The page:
LOCALiQ AUTOMOTIVE is part of the USA TODAY NETWORK and has a coast-to-coast presence. Our list of brands includes major-market news sites like AzCentral.com (which covers the Phoenix metro area), local news sites like The Ithaca Journal and The Springfield News-Leader, specialty publications like Golfweek, and a leading national news site, USA TODAY. In addition, the USA TODAY NETWORK partners with a large number of affiliate sites. Factor in LOCALiQ AUTOMOTIVE’s ability to target specific consumer segments, and you’ll see that the USA TODAY NETWORK has a reach that is both broad and market specific. 

Furthermore, the USA TODAY NETWORK is a trusted source. While news websites are a recent innovation, consumers have been exposed to USA TODAY and local news brands like The El Paso Times for decades now. The company uses professional content creators to give the material a look and feel that consumers trust. 

Lastly, branded content placed through LOCALiQ AUTOMOTIVE will be promoted. We’ll run ads on our social media sites as well as promote your content on our local news sites’ home and section fronts. After that, your content will reside permanently on our trusted news site which, depending on the content type, is a nice evergreen touch.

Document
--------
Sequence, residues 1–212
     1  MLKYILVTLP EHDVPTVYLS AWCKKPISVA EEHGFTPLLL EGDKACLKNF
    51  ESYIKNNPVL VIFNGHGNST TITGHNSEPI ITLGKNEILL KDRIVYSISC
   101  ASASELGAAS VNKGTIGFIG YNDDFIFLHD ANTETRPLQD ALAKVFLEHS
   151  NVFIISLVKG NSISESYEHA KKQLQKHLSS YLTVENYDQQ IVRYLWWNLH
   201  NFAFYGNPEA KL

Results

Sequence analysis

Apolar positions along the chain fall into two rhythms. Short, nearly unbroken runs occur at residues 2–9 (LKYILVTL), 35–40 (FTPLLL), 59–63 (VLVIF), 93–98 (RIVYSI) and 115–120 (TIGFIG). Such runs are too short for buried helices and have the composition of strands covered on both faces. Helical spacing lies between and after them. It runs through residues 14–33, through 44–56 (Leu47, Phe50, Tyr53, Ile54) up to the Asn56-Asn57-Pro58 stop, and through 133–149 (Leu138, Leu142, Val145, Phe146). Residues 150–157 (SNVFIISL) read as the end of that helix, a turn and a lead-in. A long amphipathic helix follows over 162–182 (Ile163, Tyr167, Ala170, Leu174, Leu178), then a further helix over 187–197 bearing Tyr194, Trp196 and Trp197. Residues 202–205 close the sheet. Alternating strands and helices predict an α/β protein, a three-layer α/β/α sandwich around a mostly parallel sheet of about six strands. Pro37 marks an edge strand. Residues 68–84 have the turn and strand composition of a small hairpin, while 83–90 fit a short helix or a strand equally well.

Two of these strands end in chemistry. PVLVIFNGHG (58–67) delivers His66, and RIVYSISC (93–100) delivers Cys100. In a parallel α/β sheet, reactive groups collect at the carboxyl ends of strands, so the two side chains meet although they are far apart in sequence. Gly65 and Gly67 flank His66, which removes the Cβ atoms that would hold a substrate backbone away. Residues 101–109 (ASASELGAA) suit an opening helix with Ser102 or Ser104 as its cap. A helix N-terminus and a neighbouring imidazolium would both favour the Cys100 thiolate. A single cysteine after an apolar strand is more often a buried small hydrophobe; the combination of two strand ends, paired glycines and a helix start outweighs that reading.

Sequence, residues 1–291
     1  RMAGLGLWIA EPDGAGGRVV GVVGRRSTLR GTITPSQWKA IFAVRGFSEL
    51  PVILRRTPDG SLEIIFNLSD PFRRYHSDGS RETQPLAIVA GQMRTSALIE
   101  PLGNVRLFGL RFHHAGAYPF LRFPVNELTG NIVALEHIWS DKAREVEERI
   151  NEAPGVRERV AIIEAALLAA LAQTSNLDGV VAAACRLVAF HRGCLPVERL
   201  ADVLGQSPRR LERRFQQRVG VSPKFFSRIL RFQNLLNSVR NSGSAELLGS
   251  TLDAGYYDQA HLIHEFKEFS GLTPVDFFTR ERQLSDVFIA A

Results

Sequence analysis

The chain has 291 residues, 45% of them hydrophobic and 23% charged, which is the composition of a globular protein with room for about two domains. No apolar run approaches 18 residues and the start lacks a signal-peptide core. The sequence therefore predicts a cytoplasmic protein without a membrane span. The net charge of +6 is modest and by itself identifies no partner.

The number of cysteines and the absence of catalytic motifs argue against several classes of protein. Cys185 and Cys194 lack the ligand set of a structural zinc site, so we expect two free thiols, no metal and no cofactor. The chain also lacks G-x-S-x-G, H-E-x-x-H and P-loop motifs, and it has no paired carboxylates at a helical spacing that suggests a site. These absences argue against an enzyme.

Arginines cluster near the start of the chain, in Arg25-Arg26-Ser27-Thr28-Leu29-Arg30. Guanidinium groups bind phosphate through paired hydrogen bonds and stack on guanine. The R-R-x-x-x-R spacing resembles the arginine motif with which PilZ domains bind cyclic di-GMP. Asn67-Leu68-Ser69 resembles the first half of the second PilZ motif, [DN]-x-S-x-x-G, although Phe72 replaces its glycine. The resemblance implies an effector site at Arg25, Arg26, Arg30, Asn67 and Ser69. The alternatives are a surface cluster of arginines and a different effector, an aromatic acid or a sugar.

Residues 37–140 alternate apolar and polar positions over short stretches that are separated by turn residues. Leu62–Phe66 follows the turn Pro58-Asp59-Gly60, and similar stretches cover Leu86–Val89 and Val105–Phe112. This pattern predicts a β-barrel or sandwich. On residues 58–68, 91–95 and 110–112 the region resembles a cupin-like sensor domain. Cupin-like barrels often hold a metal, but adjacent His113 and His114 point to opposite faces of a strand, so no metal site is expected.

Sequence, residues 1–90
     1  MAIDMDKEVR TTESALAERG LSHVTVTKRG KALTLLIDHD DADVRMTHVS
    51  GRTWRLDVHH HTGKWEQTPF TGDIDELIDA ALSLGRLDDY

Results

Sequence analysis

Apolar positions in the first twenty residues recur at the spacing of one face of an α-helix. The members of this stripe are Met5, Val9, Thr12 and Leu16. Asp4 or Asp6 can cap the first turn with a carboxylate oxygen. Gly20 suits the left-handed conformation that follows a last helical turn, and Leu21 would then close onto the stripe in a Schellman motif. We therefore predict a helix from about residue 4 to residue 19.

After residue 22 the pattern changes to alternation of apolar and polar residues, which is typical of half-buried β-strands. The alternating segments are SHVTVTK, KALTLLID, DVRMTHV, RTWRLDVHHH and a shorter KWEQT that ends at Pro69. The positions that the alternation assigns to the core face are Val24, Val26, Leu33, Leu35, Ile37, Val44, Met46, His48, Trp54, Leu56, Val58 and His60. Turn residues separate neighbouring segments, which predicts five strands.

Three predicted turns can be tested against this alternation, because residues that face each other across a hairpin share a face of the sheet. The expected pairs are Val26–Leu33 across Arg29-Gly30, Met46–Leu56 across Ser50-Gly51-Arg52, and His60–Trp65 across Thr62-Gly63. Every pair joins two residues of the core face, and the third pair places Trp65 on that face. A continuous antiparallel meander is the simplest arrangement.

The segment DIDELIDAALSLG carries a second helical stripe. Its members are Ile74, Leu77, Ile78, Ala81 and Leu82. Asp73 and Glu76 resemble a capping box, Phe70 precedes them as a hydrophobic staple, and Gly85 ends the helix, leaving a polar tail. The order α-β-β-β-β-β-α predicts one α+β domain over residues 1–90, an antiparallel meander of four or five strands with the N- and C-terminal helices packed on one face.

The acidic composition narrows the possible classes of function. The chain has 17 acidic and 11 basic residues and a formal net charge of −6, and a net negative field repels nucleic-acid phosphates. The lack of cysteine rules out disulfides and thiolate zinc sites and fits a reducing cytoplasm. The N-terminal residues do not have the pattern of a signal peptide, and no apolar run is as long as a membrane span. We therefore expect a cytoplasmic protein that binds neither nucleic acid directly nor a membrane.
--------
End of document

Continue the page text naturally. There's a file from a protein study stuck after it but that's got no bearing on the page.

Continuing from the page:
Whether you work with us to share your content or look elsewhere, remember that distribution is essential. 

 

Improving your digital content strategy as you go along. 

One of the exciting things about web content is seeing how the public responds to it. Sometimes you put out a piece that you think should be a hit, but it never gets traction. On other occasions, you put out a piece that seems good but not necessarily special, and people just eat it up. Call it luck, call it Adam Smith’s Invisible Hand; whatever it is, it’s something that not even the best content marketing strategy can fully master. 

The good news with most website content is you can go back and change it. Maybe a different headline or format will give the topic extra sizzle. Maybe sharing your content at a different time of day will help it catch on with your target audience.  Maybe you overlooked SEO and changing up your keyword strategy will give it extra momentum. Web tracking and analytics tools should be able to tell you what’s working and what isn’t. Remember that for evergreen content – it’s a good idea to take a look and freshen it up every now and then. 

On a similar note, you can use web tracking and analytics to identify what types of content works for you in your market. Let’s say that you’ve put out a reasonable amount of content, and the data tells you that evergreen content targeted toward young car buyers has been your sweet spot. You might decide to stick with a winning formula and keep producing content that hits this market, or change course and try to target additional audience segments with evergreen content that perhaps has a different focus.  

 

What’s your strategy? 

Hopefully we’ve given you a lot to chew on here. Just remember, you don’t have to do it alone. LOCALiQ AUTOMOTIVE knows how to build a strong content strategy for car dealers and is here to help. 

 

Contact us to request a free Dealer Scorecard analysis for your dealership or Auto Group.